What exactly is the purpose of having snare beds????

johnwesley

Silver Member
I see from time to time custom drum makers making a point of cutting wider beds to accommodate wider snare wires like 42 strand. What I don't understand is why? Not even clear on why snare beds are needed except maybe for those super sensitive Ludwigs, or Pearl free floaters that allow the snare wires to extend beyond the rim of the shell. As I look at my snare drums, the wires and the plates they're soldered to are a 1/4 inch from the outside of the shell and lay perfectly flat. So what's the purpose of snare beds?
 

GruntersDad

Administrator - Mayor
Staff member
Without that small valley, the snares would sound dead. I ordered a Tama snare and had to replace it twice as the snare beds were so shallow, not even 1mm, that the wires would not vibrate. Had them cut to 2mm and was much better
 

Morrisman

Platinum Member
It makes a slightly curved path across the bottom head where the snares go. Without it, the centre of the wires would hang down below the drum head, buzzing too loosely.
 

Andy

Administrator
Staff member
Most strainer mechanisms are a compromise. In an ideal world, the wire tensioning function and presentation to the head function would be separate. Under ideal conditions, there's very little benefit to snare beds, but in most applications, the snare beds aid in settling uneven forces / orientation of the wire assembly by creating a depression where the wire end plate can sit so as to present the main body of the wires in intimate contact with the head.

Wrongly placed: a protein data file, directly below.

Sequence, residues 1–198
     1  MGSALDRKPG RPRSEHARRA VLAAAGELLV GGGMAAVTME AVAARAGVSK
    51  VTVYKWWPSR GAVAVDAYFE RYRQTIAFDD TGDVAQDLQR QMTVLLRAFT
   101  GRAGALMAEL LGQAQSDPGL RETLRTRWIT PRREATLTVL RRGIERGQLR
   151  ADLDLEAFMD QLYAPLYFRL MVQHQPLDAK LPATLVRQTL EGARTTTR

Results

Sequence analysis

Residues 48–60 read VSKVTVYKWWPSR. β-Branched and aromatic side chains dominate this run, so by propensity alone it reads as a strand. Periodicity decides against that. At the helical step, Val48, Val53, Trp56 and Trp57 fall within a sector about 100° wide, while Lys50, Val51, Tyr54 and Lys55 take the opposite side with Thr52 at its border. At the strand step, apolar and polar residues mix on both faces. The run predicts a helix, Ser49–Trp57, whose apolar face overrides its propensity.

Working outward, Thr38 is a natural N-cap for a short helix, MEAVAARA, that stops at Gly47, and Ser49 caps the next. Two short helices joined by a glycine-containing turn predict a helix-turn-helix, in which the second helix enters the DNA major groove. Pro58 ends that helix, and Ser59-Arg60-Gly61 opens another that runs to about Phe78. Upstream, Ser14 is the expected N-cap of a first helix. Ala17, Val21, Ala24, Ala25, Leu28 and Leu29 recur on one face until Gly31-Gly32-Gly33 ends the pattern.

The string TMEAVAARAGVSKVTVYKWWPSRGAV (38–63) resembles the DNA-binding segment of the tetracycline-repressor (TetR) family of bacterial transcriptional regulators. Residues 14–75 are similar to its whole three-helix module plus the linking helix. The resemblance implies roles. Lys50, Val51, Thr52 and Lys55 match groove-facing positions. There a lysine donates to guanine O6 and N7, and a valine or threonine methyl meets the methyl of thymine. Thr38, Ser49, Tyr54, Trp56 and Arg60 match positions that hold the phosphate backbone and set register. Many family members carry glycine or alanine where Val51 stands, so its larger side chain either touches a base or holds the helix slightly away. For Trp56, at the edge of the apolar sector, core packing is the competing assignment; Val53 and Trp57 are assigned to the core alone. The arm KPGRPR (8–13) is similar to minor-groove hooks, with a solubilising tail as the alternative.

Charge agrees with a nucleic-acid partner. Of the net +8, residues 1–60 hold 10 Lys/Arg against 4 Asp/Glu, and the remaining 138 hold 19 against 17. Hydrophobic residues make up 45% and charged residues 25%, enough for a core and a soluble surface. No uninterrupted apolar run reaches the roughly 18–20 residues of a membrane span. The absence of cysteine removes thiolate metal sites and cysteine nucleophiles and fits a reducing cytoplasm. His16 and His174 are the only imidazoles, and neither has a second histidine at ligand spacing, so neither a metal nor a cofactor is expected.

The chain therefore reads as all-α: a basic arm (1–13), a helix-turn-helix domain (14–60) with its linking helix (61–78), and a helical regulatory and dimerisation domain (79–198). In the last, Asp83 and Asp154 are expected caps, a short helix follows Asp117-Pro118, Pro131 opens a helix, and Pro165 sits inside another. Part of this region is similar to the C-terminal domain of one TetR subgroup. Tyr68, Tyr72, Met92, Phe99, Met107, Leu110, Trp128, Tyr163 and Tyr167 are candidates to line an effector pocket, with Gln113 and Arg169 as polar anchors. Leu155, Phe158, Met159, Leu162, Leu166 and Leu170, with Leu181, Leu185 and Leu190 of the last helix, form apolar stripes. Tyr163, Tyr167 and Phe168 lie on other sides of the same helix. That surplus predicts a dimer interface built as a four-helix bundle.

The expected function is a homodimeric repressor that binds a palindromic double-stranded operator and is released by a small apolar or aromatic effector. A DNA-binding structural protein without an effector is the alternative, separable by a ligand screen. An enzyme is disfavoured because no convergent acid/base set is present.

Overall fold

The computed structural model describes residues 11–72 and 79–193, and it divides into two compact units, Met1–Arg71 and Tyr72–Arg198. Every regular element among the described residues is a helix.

johnwesley

Silver Member
......you said "intimate contact". Hee hee. Thanks Andy. I'm assuming the Premier flobeam and other such systems are a bit more suitable in creating that "intimate contact you mentioned.
 

MrInsanePolack

Platinum Member
Okay I'm curious. I know a snare bed can be too shallow or not wide enough, or both. What happens if the bed is too deep or wide? Anything?
 

dwsabianguy

Senior Member
Okay I'm curious. I know a snare bed can be too shallow or not wide enough, or both. What happens if the bed is too deep or wide? Anything?
I believe you can choke out the drum if the snare bed is too deep and/or wide, but I can't say I've ever actually experienced it.
 

beyondbetrayal

Platinum Member
Okay I'm curious. I know a snare bed can be too shallow or not wide enough, or both. What happens if the bed is too deep or wide? Anything?
It can make the reso a real pain to tune properly. I have a snare like this with HUGE beds.. When the reso is cranked to about 400hz there is still wrinkles where the snare bed is, I can not get the tension even on this drum for the life of me. It still sounds awesome, but it bothers me and sometimes takes longer to tune.
 

larryace

"Uncle Larry"
I never saw the need for strain on the snare wires themselves. What I do like is the snare wires pulling up on the reso head. I don't understand why the Rogers Dynasonic thing is even necessary. The simple method that 99% of the snare drums uses works great. I never got along with the SS strainers because I can't pull the wires tight to the head. I like that sound. I don't see the upside to the SS strainers.
 

CommanderRoss

Silver Member
My Gretsch Catalina Club snare is bedless. Sounded decent for the most part, but I had a lot of snare buzz and tuning issues with it. I sanded a small bed on it and it did help with the tuning & snare buzz. Nothing too deep or wide though.
 

DrumDoug

Senior Member
My Gretsch Catalina Club snare is bedless. Sounded decent for the most part, but I had a lot of snare buzz and tuning issues with it. I sanded a small bed on it and it did help with the tuning & snare buzz. Nothing too deep or wide though.